Sheppard’s Warning

A thief who had been dead for more than a century caused a moral panic in the theatres of Victorian London. 

Jack Sheppard sits for Hogarth (right) and Thornhill (left), while talking to James Figg. Engraving by George Cruikshank, 1839 © Bridgeman Images.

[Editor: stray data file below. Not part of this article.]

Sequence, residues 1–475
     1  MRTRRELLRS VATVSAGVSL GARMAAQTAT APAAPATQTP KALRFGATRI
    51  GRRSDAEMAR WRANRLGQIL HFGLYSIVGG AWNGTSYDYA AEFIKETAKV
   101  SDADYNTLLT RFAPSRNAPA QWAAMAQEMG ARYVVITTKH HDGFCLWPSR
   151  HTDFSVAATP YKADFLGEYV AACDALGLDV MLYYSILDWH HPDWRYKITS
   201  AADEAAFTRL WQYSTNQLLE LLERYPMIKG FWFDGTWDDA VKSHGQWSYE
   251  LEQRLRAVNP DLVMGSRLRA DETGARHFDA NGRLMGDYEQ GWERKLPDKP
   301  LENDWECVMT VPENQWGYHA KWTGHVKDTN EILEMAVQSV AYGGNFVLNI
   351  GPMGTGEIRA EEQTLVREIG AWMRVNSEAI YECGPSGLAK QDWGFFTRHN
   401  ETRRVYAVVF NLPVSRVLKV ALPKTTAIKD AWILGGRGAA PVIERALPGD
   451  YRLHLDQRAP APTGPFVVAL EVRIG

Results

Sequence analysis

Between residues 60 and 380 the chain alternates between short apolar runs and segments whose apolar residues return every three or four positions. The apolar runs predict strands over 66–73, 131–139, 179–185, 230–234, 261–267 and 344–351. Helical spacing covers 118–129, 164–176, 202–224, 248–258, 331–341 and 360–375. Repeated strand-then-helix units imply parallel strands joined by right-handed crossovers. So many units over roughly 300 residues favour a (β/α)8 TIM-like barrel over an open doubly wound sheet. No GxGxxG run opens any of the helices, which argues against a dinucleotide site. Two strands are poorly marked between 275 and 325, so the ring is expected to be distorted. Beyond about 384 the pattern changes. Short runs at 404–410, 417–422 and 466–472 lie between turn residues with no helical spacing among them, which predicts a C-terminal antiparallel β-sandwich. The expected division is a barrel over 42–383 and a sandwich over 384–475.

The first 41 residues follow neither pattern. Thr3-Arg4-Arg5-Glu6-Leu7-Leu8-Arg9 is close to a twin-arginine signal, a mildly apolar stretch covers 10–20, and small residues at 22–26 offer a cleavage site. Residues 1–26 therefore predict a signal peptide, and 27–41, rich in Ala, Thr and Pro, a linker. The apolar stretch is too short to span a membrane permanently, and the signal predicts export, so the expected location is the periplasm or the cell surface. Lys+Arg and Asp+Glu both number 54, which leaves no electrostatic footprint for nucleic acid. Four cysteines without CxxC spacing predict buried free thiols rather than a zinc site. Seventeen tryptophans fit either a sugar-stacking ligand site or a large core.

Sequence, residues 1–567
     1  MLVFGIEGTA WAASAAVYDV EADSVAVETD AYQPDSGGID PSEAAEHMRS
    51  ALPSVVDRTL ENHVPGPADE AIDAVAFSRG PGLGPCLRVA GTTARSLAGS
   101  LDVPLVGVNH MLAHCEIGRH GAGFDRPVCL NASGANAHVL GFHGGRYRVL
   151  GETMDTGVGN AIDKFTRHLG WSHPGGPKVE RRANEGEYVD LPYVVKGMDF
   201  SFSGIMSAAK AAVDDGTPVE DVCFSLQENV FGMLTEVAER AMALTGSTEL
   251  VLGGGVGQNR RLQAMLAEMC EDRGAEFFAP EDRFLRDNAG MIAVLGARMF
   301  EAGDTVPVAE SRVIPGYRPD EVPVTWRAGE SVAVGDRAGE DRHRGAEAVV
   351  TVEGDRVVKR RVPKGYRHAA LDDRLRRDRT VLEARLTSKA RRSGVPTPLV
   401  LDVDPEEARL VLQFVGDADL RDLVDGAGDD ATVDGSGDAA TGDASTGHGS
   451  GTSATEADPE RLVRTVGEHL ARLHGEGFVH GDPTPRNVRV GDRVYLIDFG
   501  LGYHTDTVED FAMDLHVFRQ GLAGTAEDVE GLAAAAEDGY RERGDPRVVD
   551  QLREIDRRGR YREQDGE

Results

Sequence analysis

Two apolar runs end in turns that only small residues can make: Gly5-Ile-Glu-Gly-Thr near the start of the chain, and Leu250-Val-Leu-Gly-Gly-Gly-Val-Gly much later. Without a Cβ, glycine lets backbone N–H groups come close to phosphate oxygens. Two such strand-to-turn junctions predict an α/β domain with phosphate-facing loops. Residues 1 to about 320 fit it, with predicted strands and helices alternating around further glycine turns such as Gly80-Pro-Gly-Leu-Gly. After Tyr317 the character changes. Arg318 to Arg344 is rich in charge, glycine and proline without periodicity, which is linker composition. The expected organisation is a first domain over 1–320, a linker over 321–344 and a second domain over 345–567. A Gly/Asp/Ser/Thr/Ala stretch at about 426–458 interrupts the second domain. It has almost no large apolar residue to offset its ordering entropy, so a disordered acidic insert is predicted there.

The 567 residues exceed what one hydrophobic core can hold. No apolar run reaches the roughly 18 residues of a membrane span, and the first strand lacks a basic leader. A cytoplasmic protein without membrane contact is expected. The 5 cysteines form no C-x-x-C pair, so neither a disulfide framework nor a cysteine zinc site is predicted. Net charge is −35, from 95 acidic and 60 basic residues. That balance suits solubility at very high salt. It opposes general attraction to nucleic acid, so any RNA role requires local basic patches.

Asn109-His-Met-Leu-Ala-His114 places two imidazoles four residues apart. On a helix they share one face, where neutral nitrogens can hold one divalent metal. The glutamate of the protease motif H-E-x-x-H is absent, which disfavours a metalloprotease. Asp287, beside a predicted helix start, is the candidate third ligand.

On 16 November 1724 Jack Sheppard was hanged at Tyburn. Where Marble Arch now stands, thousands witnessed the 22-year-old Londoner’s agonising end as plans to save him dissolved in chaos. While Sheppard’s brief career in burglary had not been especially notable, by the time he was brought to the gallows by the infamous thief-taker Johnathan Wild, a run of seemingly impossible jailbreaks meant this 18th-century Houdini was the talk of the town. Drawn by the court artist Sir James Thornhill and memorialised in print by Daniel Defoe, the adventures of the carpenter’s apprentice-turned womanising thief were quickly transferred to the Drury Lane stage and told, embellished and retold in countless ballads and chapbooks.

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